This ensures that the majority of your carbohydrates are not spiking your blood sugar too quickly and therefore not contributing to worsening insulin resistance. With simple carbohydrates, just be sure to eat these with a source of fats, fiber, and protein (10). 

Adding fats, fiber, and protein to simple carbohydrates helps them to digest more like complex carbohydrates, meaning that they will be digested slower and will have a reduced blood sugar spike (11). 

What type of carbohydrate is oatmeal?

Oatmeal is a whole grain, meaning that it is a complex carbohydrate (12). This means that it is a great option for PCOS. 

Benefits of complex carbohydrates

Complex carbohydrates digest slower than simple carbohydrates meaning that they will give you a more stable blood sugar increase instead of a spike of sugar all at once (7). Complex carbohydrates are also a great source of fiber which is beneficial for your gut microbiome (13). 

Oatmeal is rich in soluble fiber which is a type of fiber that dissolves in water. Once it’s digested, it creates a jelly-like consistency which slows down digestion. This helps with blood sugar control, gut health, and cravings (14). 

How to Incorporate Oatmeal into a Balanced Diet

Since we have now established oatmeal as a great option for people with PCOS, let’s discuss how to add it into your diet! 

What kind of oatmeal is best?

The best oatmeal for PCOS is an oatmeal that does not spike your blood sugar and leave you in a hunger cycle all day. This means we want an oatmeal that digests slowly. 

Types of Oatmeal 

  • Rolled
  • Quick cook
  • Steel cut
  • Pearled
  • Oat flour

The types with the lowest glycemic response are steel cut, pearled, and rolled oats (15). This does not mean that quick cook and oat flour are not still a good choice, they are still great! All in all, oatmeal in general is beneficial for health regardless of the type (15). 

How to lessen glycemic response

Eat your oatmeal cold! Yes, you heard it right, it’s as simple as that. Whether you’re baking with oat flour, eating leftover cold oatmeal, or you’re eating overnight oats, eating them cold lowers the amount of available carbohydrates that are able to turn into glucose (15). 

Starch Retrogradation 

This happens when any starch is cooled down. The chemical structure of the starch changes during the cooling process(15). This starch is called resistant starch.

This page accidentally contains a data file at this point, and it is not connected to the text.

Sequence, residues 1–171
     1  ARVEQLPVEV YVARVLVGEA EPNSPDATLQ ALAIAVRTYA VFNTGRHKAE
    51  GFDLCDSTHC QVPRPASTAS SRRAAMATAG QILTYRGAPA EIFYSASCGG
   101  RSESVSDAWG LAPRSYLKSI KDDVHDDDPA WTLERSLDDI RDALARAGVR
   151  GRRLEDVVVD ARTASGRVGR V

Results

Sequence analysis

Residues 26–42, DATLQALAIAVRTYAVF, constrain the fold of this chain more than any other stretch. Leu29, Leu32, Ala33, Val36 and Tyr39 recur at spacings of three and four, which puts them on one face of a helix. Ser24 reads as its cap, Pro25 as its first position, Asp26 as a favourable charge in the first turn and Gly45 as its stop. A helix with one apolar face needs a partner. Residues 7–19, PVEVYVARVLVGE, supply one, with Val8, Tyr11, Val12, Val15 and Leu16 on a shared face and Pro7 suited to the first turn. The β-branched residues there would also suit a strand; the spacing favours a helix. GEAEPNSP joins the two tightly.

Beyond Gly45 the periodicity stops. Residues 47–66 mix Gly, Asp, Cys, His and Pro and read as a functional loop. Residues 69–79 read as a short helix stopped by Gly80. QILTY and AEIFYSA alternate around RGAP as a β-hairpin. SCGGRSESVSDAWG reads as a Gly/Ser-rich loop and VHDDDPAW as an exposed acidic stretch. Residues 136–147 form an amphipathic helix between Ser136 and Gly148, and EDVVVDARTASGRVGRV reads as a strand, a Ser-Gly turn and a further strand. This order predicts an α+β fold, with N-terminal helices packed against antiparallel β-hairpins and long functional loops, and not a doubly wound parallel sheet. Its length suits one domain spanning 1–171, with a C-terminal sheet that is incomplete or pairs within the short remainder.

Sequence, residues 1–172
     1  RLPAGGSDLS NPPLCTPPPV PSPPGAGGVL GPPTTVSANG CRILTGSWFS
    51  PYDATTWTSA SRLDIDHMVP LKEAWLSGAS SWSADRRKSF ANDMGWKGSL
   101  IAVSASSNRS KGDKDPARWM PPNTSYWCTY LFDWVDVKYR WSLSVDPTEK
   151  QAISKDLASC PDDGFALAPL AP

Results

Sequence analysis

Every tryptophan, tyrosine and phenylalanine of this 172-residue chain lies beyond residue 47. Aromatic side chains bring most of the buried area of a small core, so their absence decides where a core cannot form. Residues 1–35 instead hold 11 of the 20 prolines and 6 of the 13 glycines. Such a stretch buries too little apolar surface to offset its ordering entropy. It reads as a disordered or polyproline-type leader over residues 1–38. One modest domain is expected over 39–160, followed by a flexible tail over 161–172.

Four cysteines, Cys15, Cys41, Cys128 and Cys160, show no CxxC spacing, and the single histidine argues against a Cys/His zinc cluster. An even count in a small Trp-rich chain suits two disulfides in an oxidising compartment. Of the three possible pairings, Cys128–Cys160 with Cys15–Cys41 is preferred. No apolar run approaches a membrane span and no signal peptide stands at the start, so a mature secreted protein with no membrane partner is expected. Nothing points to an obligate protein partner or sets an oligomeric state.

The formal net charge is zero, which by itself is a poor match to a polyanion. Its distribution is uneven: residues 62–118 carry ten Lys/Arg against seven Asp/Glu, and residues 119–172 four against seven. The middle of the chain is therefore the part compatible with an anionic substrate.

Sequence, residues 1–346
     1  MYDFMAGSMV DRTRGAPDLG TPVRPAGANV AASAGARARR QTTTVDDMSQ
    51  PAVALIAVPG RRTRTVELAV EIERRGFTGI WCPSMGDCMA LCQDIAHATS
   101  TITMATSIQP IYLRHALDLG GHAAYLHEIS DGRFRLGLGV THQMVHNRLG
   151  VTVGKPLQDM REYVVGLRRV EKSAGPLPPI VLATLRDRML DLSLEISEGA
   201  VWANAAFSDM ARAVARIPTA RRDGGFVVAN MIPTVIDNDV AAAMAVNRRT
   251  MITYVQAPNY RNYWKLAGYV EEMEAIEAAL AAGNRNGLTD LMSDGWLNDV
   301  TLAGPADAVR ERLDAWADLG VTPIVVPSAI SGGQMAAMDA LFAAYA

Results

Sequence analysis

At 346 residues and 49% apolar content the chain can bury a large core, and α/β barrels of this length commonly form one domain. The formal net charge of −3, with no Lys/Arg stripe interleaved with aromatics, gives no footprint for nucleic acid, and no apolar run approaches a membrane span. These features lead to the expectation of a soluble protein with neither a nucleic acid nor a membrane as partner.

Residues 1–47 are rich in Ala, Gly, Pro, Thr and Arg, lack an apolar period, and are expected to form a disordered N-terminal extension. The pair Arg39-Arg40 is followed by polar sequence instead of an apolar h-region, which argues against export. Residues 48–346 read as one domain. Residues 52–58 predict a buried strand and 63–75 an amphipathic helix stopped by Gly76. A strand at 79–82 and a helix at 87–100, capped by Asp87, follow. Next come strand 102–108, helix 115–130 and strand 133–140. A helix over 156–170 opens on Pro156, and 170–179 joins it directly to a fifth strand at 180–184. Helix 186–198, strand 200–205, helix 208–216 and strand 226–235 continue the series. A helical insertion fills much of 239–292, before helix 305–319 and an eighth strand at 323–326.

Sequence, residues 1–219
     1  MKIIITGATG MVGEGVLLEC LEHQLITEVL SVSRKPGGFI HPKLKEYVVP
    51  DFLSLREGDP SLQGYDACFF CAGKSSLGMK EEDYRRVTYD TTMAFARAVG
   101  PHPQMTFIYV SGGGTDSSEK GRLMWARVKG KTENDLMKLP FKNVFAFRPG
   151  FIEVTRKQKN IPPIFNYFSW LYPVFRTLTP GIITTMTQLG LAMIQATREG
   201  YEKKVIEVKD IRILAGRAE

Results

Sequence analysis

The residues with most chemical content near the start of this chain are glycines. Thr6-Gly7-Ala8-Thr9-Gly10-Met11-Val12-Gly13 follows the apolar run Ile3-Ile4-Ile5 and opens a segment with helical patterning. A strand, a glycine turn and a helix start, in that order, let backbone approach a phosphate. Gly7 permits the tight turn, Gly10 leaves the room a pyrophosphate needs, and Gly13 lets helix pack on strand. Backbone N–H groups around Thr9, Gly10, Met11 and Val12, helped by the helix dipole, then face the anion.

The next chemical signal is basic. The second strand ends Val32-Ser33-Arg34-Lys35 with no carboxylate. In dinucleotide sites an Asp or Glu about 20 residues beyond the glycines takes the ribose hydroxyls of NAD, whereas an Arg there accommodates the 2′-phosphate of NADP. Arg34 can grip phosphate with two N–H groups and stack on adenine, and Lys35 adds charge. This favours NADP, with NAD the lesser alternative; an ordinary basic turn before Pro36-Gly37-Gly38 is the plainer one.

Resistant Starch 

This type of starch does not get digested and broken down into glucose in the small intestine like other starches. Instead, it acts as a source of food for your gut bacteria. This means that overnight oats are great for your gut health!

Best time to eat oatmeal

Anytime that you want to eat your oatmeal is the best time to eat it! Most people think of oatmeal as a breakfast food, but it can be eaten any time of the day. 

Oatmeal makes a great meal option for any meal, especially if you’re craving something sweet.

What to have oatmeal with 

Since oatmeal is a carbohydrate, you want to pair it with a source of protein, fat, and more fiber. Like stated earlier in the post, adding these things to your carbs can help to lower the glucose response (11). 

Oatmeal Combinations

Below are a few of my favorite oatmeal combinations and recipes!

Infographic about oatmeal for pcos. List 5 benefits of oatmeal for pcos.


Are steel-cut oats better for PCOS than rolled oats?

Both options are excellent, but steel-cut oats may offer slightly better glucose control due to their lower glycemic response.

Why are overnight oats good for PCOS? 

Overnight oats undergo starch retrogradation, converting some starch into resistant starch, which supports gut health without causing blood sugar spikes.

Final Thoughts

In conclusion, we have discussed what oatmeal is, how it affects PCOS, and whether or not you should eat oatmeal with PCOS. 

I outline how oatmeal is a whole grain that includes many beneficial things for PCOS. It can be easily incorporated into a well balanced diet. 

Any type of oatmeal is great, but the best types are rolled oats, steel cut, and pearled oats. So I hope you go and enjoy a bowl of oatmeal and feel confident about your choice!  

If you are wondering how to incorporate oatmeal into your breakfast, read my blog post all about the best breakfast for PCOS here.